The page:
Clinical case (#28-29) treated with the Twisted File* and RealSeal* master cones trimmed for tugback as described in the article.One of the issues raised is clinical and the other is related to commercial interest. With regard to commercial interest, I am on the advisory board of SybronEndo and receive an honorarium for some aspects of that work, for example lectures. I am not incentivized to sell Twisted Files (TF) or receive a royalty for TF sales. I use TF because in my hands it is the finest rotary nickel titanium (RNT) file on the market today and for no other reason. Clinically, the clinician raises an important point regarding the match between master cones and RNT file sizes. It can be challenging to get a consistent fit between the taper and tip size of a given RNT and a matching master cone. The source of this discrepancy is not difficult to understand. The tolerances for RNT manufacture allow a #25 tip size instrument to actually be slightly larger or smaller (a #24 or a #26, for example). The tolerances for master cones are similar (a #25 master cone can also be a #24 or #26). If the RNT master apical file is a #24 at the tip and the master cone is a #26, it is unlikely that it will fit easily to length. Larger ISO deviations can only provide even greater discrepancies between the RNT file and the master cone. As a result of this, many specialists choose a “universal” master cone and trim the cone to the true working length to achieve tugback. Trimming master cones is simple, efficient, and preferable to carrying an inventory of multiple cones of various tip sizes and tapers. In essence, most specialists do not rely on master cones of the same taper and tip size to match the last RNT file size used. For example, I use TF* for canal preparation. If I create a .08 taper along the length of the root (due to TF’s greater cutting ability and flexibility allowing preparation of such a taper along the length of the root) and I subsequently prepare a master apical diameter of a #50 tip size with a .04/50 TF, my choice of master cone to fit such a preparation requires trimming the master cone to achieve tugback at the true working length. This requires explanation. First off, the final prepared taper is less relevant to the master cone fit than the master apical diameter. The master cone should fit with tugback to the minor constriction (MC) of the apical foramen. Tugback in this context means that the cone should fit to the MC, with and without sealer, and resist coronal displacement. This resistance to coronal displacement occurs because the cone is intimately in contact with the walls of the canal in the apical 3-4 mm. The cone should only contact the walls of the canal at this level and not higher up. It has value to review the math of what the numbers mean when reviewing tip diameters. A #50 ISO tip size is .5 mm at the tip. Hand K files are generally .02 tapered. With several exceptions, RNT files have fixed tapers of .02, .04, .06, .08, .10, and .12. A .04-tapered instrument increases .04 mm per mm as the clinician moves up the file away from the tip. If the tip size is a #20 ISO (.20), 1 mm from the tip, a .04-tapered instrument is .24 mm, 2 mm from the tip; it is a #28 (i.e., .28 mm), etc. Tugback can be achieved by trimming subsequently 0.5-1 mm portions of the master cone until the cone has tugback at the true working length. Specifically, if for example, the master apical diameter is a #50 ISO size, a .06/20 master cone is a #50 ISO size 5 mm back from the tip of the instrument. 1 mm back from the tip of the master cone the diameter of the cone is a .26 mm. 2 mm back the diameter is a .32 mm. 3 mm back the diameter of the tip is .38 mm, 4 mm back the diameter is .44 mm and 5 mm back it is .50 mm. This tip diameter is identical to the tip diameter of a #50 ISO instrument.As a result, in the clinical example of a cone fitting a .08 tapered preparation, which has been apically enhanced to a #50 master apical diameter, the clinician can use a .04, .06, .08 master cone and trim the tip to achieve tugback at the apex. The reason that any one of these master cones can be used to achieve tugback is that each of these smaller tapers fit inside the greater master apical taper that has been prepared, in this example a .08 taper. Said differently, a .04 taper fits inside a .08 taper, a .06 taper fits inside a .08 taper, etc. A clinically relevant discussion of cone fit has been addressed. Emphasis has been on trimming master cones to gain efficiency and mastery over the achievement of tugback. I welcome your feedback. * SybronEndo, Orange, Calif., USA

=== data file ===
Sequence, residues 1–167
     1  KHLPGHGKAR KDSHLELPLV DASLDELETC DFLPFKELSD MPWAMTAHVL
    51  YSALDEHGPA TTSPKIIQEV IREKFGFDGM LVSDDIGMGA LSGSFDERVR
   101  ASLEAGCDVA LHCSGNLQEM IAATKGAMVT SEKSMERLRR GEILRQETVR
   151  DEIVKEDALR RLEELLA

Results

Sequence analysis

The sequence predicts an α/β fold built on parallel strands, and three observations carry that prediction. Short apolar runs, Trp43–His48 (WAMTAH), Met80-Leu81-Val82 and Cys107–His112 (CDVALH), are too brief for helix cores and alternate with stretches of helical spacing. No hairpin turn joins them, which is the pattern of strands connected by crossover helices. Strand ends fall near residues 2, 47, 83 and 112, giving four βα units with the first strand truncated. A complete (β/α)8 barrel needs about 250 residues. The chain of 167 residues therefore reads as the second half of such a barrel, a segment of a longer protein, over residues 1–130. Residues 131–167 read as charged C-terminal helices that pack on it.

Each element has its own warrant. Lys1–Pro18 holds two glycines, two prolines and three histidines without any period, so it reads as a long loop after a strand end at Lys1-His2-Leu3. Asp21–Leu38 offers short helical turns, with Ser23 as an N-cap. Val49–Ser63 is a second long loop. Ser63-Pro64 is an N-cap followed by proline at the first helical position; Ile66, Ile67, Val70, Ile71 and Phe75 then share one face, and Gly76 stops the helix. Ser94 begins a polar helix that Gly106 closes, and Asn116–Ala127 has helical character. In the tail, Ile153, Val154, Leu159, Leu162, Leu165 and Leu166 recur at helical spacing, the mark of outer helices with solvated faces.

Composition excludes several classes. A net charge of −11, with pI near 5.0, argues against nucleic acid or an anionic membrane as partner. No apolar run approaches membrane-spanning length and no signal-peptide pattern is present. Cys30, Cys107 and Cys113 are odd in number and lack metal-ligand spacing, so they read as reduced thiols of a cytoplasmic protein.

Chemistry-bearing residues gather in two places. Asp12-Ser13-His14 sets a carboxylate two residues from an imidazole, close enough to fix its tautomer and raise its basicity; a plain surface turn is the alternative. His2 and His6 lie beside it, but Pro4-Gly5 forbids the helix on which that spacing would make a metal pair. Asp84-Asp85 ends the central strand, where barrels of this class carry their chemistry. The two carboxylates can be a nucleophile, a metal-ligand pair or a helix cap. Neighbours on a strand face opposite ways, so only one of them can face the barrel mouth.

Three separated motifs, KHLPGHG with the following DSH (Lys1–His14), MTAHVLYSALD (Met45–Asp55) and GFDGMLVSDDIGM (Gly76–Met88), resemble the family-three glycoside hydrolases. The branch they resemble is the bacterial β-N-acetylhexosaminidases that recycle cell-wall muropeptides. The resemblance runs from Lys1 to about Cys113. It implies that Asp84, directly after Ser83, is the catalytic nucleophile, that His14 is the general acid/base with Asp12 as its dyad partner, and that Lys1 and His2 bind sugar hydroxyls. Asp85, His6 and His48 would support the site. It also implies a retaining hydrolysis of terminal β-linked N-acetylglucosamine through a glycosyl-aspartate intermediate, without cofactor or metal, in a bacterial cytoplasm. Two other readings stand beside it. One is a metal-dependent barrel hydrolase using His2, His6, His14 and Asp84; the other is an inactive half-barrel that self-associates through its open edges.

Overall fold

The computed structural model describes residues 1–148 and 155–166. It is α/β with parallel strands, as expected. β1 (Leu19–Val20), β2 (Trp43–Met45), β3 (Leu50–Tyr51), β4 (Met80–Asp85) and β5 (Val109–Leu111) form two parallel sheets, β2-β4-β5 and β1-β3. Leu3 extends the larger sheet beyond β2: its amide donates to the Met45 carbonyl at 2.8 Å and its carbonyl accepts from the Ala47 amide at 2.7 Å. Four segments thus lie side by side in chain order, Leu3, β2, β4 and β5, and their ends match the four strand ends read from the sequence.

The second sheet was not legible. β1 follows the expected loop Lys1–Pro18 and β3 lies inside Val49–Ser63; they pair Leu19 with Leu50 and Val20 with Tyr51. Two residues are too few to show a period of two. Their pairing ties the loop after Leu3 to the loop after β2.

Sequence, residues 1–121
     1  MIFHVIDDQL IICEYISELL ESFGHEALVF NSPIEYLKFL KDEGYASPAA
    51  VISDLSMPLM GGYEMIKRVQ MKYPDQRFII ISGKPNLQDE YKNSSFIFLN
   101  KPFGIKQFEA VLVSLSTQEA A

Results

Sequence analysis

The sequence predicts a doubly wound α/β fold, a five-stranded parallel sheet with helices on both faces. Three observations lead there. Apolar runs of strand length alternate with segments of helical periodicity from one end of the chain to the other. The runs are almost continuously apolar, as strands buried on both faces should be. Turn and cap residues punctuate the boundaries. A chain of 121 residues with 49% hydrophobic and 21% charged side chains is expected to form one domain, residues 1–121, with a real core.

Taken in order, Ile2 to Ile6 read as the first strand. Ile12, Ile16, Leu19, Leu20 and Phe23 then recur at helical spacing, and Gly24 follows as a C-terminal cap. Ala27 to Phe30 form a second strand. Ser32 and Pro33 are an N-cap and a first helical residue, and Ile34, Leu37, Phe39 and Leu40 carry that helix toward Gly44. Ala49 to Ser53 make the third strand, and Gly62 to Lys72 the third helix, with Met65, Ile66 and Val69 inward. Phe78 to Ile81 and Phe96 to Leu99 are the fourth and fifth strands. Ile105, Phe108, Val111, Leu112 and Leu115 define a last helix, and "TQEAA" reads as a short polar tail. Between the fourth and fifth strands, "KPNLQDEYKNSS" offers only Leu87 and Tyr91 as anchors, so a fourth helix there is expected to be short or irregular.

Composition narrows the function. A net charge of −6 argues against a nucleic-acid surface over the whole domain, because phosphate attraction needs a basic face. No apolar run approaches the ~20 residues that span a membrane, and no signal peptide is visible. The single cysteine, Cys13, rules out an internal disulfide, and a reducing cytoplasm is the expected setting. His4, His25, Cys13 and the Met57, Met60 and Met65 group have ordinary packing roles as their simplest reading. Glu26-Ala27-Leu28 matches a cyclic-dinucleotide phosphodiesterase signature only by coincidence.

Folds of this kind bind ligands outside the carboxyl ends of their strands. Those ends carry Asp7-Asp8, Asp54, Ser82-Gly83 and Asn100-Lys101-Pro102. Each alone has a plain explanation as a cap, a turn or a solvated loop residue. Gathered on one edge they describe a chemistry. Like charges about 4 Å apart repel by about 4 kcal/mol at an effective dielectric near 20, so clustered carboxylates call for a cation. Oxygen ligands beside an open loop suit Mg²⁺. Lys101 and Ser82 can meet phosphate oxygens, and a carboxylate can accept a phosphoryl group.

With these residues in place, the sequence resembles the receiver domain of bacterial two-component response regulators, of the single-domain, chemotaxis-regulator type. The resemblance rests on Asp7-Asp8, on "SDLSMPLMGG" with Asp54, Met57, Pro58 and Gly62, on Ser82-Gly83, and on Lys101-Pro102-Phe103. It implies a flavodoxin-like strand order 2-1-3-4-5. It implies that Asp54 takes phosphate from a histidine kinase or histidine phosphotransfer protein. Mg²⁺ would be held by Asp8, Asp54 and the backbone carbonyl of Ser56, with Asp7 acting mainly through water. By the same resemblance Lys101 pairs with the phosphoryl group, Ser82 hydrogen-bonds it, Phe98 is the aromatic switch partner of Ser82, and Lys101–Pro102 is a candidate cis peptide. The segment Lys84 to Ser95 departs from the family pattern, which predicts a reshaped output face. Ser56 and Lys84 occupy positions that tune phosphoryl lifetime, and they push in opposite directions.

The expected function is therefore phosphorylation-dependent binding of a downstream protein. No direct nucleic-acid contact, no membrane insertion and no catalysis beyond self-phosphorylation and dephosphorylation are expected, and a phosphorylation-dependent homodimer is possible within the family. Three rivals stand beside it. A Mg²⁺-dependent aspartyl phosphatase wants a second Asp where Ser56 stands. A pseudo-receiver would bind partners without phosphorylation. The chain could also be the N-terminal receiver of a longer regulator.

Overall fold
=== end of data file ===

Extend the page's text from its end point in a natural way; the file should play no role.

Dr. Mounce lectures globally and is widely published. He is in private practice in endodontics in Vancouver, Wash.